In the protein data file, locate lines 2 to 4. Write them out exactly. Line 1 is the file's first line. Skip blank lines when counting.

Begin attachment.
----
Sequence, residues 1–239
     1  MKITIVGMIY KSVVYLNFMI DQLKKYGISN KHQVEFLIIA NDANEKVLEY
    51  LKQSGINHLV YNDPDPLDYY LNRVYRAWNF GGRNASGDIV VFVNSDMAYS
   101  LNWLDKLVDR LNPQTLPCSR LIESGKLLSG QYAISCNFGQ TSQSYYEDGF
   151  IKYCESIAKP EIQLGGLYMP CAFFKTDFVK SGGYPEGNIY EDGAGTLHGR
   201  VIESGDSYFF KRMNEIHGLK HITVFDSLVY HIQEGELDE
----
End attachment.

     1  MKITIVGMIY KSVVYLNFMI DQLKKYGISN KHQVEFLIIA NDANEKVLEY
    51  LKQSGINHLV YNDPDPLDYY LNRVYRAWNF GGRNASGDIV VFVNSDMAYS
   101  LNWLDKLVDR LNPQTLPCSR LIESGKLLSG QYAISCNFGQ TSQSYYEDGF